Pop culture obsessives writing for the pop culture obsessed.
Pop culture obsessives writing for the pop culture obsessed.

Why it’s called The Mindy Project

Illustration for article titled Why it’s called The Mindy Project

Mindy Kaling increased her season episode order when The Mindy Project got picked up by Hulu, going from 21 last season to 26. Starring in, producing, sometimes writing her own show, we can only imagine it’s a lot to take on. So maybe she’s looking for a break, since the vast majority of every episode is centered on her with only the occasional B-plot offering her some downtime. She has been front-and-center since this season started for some striking major and emotional scenes, like giving birth to Leo. That’s about the only excuse we can think of for “Road Trip,” a near-Mindy-less episode, which switches the focus to Danny and Morgan. Unfortunately, all this does is show how much The Mindy Project depends on its star overall.

Season four was on quite a streak before this, but all streaks have to end eventually. The Mindy Project also traditionally does poorly when the show leaves New York; the last episode I felt this lackluster about was the unfortunate “L.A.” from season two.

The focus on the odd couple of Danny and Morgan also only highlights the show’s continued Morgan problem. Here’s the contradiction inherent in Morgan: He’s supposed to be such a repugnant character that no one can really stand to be around him (like Danny constantly making plans with him and always canceling). Unfortunately, that repugnant character is now essentially third billing on this show, definitely the most prominent member of the supporting cast from Mindy’s office. So if no one else wants to hang around with the guy, why should we?

Not saying that some of his lines, highlighting his pathetic status, aren’t funny, like, “Of all the times I have been abandoned at a celebrity pet grave, this is the most hurtful,” or “Are you gay? Are you attracted to me? Why not?” And Ike Barinholtz truly holds nothing back as he cartwheels into a magazine rack or whatever. But does any of this mean that I want to see Morgan throw up in the car? No. No, I do not.

“Road Trip” balances on such an insane, thin contrivance: Danny is worried about leaving behind his baby, his wife, and his practice, and says he’ll be back as soon as he can. But he still drives across country instead of flying? Even if he wanted to check out Eric, he could have had a stopover in Oklahoma or something, but then, of course, we wouldn’t have a “Road Trip” episode. Unfortunately, the trip is kicked off in a completely lackluster fashion, with all those states flashing on the screen only underlining whatever kind of crazy route Danny appears to be taking. And watching one character give another the silent treatment is like watching a small-screen version of Dumb And Dumber. Like Morgan says, it is agony, and goes on for about the first third of the episode.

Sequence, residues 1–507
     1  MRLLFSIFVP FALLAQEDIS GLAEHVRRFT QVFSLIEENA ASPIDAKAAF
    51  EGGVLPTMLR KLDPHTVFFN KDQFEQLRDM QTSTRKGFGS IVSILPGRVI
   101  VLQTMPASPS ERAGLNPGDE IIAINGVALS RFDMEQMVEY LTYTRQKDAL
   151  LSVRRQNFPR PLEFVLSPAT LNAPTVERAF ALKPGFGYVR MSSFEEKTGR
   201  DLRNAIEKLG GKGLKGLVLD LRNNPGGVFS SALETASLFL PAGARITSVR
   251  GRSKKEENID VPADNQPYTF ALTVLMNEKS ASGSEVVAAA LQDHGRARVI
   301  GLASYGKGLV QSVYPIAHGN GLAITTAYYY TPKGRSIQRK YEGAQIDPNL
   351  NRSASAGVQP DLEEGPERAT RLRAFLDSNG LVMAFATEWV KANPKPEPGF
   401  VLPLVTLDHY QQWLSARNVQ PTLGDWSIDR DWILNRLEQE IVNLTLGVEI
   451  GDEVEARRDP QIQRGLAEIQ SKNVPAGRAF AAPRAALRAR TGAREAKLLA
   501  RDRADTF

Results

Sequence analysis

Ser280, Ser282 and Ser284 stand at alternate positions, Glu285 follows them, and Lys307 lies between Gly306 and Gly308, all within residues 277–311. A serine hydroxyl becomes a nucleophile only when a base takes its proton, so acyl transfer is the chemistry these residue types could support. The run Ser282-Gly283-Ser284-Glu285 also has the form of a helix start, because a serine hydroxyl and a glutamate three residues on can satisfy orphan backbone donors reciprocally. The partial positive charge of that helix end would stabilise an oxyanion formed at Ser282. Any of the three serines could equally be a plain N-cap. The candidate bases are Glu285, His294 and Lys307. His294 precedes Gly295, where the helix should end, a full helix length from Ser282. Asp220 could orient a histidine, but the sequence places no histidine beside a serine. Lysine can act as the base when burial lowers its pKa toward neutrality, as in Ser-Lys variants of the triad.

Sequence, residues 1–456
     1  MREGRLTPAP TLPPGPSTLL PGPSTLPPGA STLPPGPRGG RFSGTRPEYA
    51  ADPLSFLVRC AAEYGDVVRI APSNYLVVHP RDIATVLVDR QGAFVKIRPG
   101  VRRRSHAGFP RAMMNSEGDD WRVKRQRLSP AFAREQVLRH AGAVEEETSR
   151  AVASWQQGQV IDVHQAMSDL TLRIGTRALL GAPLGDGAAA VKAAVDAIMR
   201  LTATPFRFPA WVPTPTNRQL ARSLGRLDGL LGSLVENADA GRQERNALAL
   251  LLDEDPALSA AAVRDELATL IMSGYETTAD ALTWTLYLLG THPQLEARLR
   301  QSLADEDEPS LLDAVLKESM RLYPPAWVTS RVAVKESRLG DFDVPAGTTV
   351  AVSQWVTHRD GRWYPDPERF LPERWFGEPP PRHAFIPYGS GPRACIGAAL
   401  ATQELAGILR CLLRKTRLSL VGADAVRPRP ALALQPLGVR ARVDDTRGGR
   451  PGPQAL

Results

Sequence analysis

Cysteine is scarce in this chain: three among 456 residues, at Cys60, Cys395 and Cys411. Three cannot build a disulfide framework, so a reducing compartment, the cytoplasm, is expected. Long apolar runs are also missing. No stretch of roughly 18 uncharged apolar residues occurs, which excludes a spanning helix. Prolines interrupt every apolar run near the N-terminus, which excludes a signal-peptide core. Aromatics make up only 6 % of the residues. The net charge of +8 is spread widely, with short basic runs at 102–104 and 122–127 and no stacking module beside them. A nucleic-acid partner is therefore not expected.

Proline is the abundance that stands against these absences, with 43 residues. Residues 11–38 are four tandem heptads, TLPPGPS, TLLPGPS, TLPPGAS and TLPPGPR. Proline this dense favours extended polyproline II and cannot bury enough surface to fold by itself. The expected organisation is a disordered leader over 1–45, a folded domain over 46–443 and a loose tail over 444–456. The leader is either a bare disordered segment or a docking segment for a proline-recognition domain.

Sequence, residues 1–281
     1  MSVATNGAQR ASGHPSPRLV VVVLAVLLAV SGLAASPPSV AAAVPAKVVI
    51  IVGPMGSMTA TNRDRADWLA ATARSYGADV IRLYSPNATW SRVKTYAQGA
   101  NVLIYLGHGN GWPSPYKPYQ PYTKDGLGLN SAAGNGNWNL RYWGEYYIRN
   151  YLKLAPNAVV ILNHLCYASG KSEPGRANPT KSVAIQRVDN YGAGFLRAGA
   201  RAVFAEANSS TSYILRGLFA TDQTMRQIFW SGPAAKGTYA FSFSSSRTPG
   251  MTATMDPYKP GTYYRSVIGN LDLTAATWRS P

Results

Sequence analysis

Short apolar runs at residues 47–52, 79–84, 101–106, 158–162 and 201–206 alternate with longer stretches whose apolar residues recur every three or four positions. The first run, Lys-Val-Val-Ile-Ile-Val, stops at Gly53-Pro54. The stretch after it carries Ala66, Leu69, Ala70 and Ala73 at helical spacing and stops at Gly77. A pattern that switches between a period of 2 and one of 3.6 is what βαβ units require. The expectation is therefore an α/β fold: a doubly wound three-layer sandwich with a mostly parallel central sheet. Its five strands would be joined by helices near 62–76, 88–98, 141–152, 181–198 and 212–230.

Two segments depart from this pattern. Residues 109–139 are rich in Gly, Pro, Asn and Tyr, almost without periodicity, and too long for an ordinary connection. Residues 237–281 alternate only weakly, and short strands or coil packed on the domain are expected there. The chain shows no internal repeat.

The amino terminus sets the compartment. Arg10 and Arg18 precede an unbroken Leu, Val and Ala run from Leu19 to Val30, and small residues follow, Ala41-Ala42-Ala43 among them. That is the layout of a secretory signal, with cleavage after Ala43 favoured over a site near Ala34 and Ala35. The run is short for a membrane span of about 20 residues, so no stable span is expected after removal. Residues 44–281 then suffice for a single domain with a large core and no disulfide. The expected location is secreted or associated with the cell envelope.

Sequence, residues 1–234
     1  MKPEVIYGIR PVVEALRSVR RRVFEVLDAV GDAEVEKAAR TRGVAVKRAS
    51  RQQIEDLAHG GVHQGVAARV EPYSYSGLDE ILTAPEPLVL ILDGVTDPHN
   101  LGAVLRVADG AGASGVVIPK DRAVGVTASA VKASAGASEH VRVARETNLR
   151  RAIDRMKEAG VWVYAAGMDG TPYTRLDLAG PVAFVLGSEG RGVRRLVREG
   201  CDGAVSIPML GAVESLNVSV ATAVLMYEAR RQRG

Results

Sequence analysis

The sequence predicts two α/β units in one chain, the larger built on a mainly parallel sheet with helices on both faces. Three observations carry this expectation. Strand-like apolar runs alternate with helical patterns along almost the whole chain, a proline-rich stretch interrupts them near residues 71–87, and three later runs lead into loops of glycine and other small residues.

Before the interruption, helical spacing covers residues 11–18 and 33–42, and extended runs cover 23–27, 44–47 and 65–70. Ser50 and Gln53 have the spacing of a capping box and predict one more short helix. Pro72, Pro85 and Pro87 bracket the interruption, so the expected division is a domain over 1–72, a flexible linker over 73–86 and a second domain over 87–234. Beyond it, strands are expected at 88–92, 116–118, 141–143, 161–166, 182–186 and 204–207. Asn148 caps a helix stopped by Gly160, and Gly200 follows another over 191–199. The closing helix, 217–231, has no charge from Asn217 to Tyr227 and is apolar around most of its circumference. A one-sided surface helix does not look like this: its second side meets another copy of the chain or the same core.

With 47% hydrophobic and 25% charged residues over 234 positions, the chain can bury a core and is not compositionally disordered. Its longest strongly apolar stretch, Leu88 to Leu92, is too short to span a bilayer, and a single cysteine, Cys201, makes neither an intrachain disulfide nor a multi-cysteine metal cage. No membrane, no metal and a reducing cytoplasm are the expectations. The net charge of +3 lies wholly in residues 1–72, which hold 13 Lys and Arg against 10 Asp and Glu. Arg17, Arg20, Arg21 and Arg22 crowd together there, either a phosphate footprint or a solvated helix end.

Learning the reason for this mysterious road trip doesn’t help: Danny might have another son, a plot hurdle straight out of the soap-opera playbook. To his (and the show’s) credit, here Morgan shows the best parts of his character: the obsessive attention to detail that enables him, not Danny, to read genetics and realize that there’s no way Eric could be Danny’s son. In between, there seems to be such a mean-spirited commentary on the poverty of Eric’s family: pizza from the gas station, the good dollar store, not being able to afford a name-brand superhero on Eric’s birthday cake (okay, that last was pretty funny).


It’s gratifying to see Morgan finally have his moment in the spotlight, saving the day at Eric’s party. And if the family wasn’t painted as quite so poverty-stricken, it wouldn’t make sense for Danny to leave his car there. But now the trip is taking even longer, with Morgan and Danny on a bus to California. Just like in L.A., Chris Messina does nail the way Danny grapples with his father issues. He’s able to talk down Leo just over the phone, in a scene that makes us miss Mindy even more, as she signs off with, “Gotta go, there’s a commercial that I love and I don’t want to press pause.” And Mindy’s commentary about how lucky Leo is makes Danny realize that not every son is that lucky, like himself, like Eric.

Danny knows to be the best father he can, he needs to work out his own dad issues. So the Eric trip does at least fill that plot purpose. But a Danny stuck out in California with Morgan still doesn’t bode well for next week.


Stray observations

  • Mindy and Danny have really cute chemistry in that opening scene, proving how much the show benefits when they’re together. Every episode, there’s an exchange that perfectly sums up their relationship. This one, it’s: “Our father who art in heaven / Halloween thy name.” “Maybe I shouldn’t go.”
  • Morgan, those red glasses belong to Danny and you know it.
  • Actually, we hear that Eddie was not that beloved on the Frasier set, sorry to say.
  • We are in the middle of pie season, Jack.
  • I like that Castellano men favor either the fist or the foot, but I really don’t need to know how they feel about wearing condoms.
  • “Everyone owns a gun here, so there’s no crime, just accidents and suicides.”
  • I will always hate hearing 4 Non Blondes’ “What’s Up.”
  • Mindy’s best outfit: With only two scenes, not much to choose from, but that sparkly red robe/nightgown/dress/whatever it is that she wears in the opener is really pretty.